Tagged history

“Ditto goes to school” (XXVI)

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Shall we read page three of The Children’s Story? said Ms. Johnson. Oh yes, said Virginia, I want to know why the teacher and children are afraid. Very well, said Ms. Johnson, page three says:

The children rustled, watching the teacher, wondering what possessed her… Johnny looked away from the door and watched with the other children. He did not understand anything except that the teacher was afraid, and because she was afraid she was making them all worse and he wanted to shout that there was no need to fear. “Just because they’ve conquered us there’s no need for panic-fear,” Dad had said. “Don’t be afraid, Johnny. If you fear too much, you’ll be dead even though you’re alive.”

We still don’t know why they’re afraid, said Virginia. No, we don’t, said Ms. Johnson. I don’t like to be afraid, said Virginia. Neither do I, said Ditto. Maybe that’s why Johnny has so much hate, said Virginia. Why? said Ms. Johnson. Because he doesn’t like to be afraid, and he’s angry at the person who’s making him afraid. Are we sure it’s a person? said Ms. Johnson. It says “they” conquered, said Virginia.

Who are they? said Ms. Johnson. I don’t know, said Virginia, but they must be bad if they conquered. Is conquering bad? said Ms. Johnson. That depends if you’re a conquer or a conquered, said Virginia. A “conqueror,” said Ms. Johnson. “They” could be another kind of animal, said Ditto. Like what? said Ms. Johnson. Any kind of animal that’s different from them, said Ditto, like a herd of rhinoceri. “Rhinoceroses,” said Ms. Johnson. Or a swarm of bees, said Ditto, or a school of piranhas. What’s a piranha? said Virginia. A piranha, said Ms. Johnson, is a freshwater fish with an insatiable appetite for meat. Insatiable? said Virginia. Impossible to satisfy, said Ms. Johnson. Oh, said Virginia.

Why don’t you like to be afraid? said Ms. Johnson. Because, said Virginia, I don’t know what’s going to happen. But something good might happen, said Ms. Johnson. But it might not, said Virginia. We fear the unknown, said Ditto, like Hamlet. Hamlet? said Ms. Johnson. Yes, said Ditto, my parents and their friend Blurtso staged a play called “Hamlet” last year. What does Hamlet say? said Ms. Johnson. He says, said Ditto, that he would rather stay with something familiar that doesn’t make him happy than take his chances with something unfamiliar. Something unfamiliar? said Ms. Johnson. Yes, said Ditto. Like what? said Ms. Johnson. Like death, said Ditto. Are you afraid of death? said Ms. Johnson. Yes, said Ditto. And you, Virginia? Yes, said Virginia.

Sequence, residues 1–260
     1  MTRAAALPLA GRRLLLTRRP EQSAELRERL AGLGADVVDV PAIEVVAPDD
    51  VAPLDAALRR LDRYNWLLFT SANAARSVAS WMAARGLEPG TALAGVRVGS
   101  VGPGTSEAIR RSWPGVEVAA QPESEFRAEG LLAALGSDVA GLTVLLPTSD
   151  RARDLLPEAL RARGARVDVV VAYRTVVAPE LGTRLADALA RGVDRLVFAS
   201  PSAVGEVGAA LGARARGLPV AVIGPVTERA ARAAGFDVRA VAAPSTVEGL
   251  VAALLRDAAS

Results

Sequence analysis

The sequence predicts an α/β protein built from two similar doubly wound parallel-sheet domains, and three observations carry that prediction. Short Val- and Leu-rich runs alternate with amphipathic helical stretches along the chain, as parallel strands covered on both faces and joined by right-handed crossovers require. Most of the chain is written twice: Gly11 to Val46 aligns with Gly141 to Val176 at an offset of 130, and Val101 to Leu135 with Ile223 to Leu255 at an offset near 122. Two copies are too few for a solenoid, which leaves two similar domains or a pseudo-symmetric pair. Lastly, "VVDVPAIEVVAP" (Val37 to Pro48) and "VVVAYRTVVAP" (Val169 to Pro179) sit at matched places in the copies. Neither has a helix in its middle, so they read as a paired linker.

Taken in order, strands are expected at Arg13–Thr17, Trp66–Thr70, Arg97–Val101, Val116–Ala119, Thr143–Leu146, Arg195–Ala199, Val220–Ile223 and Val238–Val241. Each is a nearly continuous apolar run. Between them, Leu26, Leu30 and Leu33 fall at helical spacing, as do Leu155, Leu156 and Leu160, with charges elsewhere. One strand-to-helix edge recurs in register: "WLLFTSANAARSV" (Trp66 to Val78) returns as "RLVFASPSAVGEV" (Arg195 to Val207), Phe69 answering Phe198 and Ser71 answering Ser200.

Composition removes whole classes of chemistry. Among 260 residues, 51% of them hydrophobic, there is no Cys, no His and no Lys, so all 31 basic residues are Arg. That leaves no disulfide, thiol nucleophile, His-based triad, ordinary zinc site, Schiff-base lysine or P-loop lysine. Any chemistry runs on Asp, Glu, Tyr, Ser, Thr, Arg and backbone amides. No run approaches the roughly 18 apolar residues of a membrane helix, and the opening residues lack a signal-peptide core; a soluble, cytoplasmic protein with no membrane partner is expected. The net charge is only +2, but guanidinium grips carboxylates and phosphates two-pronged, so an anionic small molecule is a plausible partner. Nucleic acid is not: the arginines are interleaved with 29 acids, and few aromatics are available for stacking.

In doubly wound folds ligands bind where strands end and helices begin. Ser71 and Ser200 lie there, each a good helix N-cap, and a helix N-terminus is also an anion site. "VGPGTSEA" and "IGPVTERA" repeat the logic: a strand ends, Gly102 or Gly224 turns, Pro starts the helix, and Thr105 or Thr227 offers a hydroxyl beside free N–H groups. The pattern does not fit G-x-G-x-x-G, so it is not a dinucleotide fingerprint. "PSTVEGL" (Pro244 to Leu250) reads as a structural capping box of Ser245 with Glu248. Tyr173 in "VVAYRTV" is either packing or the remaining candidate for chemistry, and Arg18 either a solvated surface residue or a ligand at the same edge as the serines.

Do you think Johnny is afraid of death in the story? said Ms. Johnson. Yes, said Ditto, or something worse. What’s worse than death? said Ms. Johnson. No one can say, said Ditto, until they know what death is. So it might not be bad? said Ms. Johnson. It might not, said Ditto, but we don’t know, so we create nightmares to fill the unknown. Is that what Johnny’s dad is telling us, said Ms. Johnson, when he says, “If you fear too much, you’ll be dead even though you’re alive”? Yes, said Ditto.

Have you ever heard of Franklin Delano Roosevelt? said Ms. Johnson. No, said Ditto. He was a president of the United States who said, “We have nothing to fear but fear itself.” What does that mean? said Virginia. It means, said Ditto, that the worst thing to do is be afraid. Why? said Virginia. Because when you’re afraid, said Ditto, you’ll do anything to stop being afraid. Do you think it’s easy, said Ms. Johnson, to frighten people into doing what you want them to do? Yes, said Ditto, all you have to do is convince them something unknown will happen if they don’t.

“Blurtso pays it forward”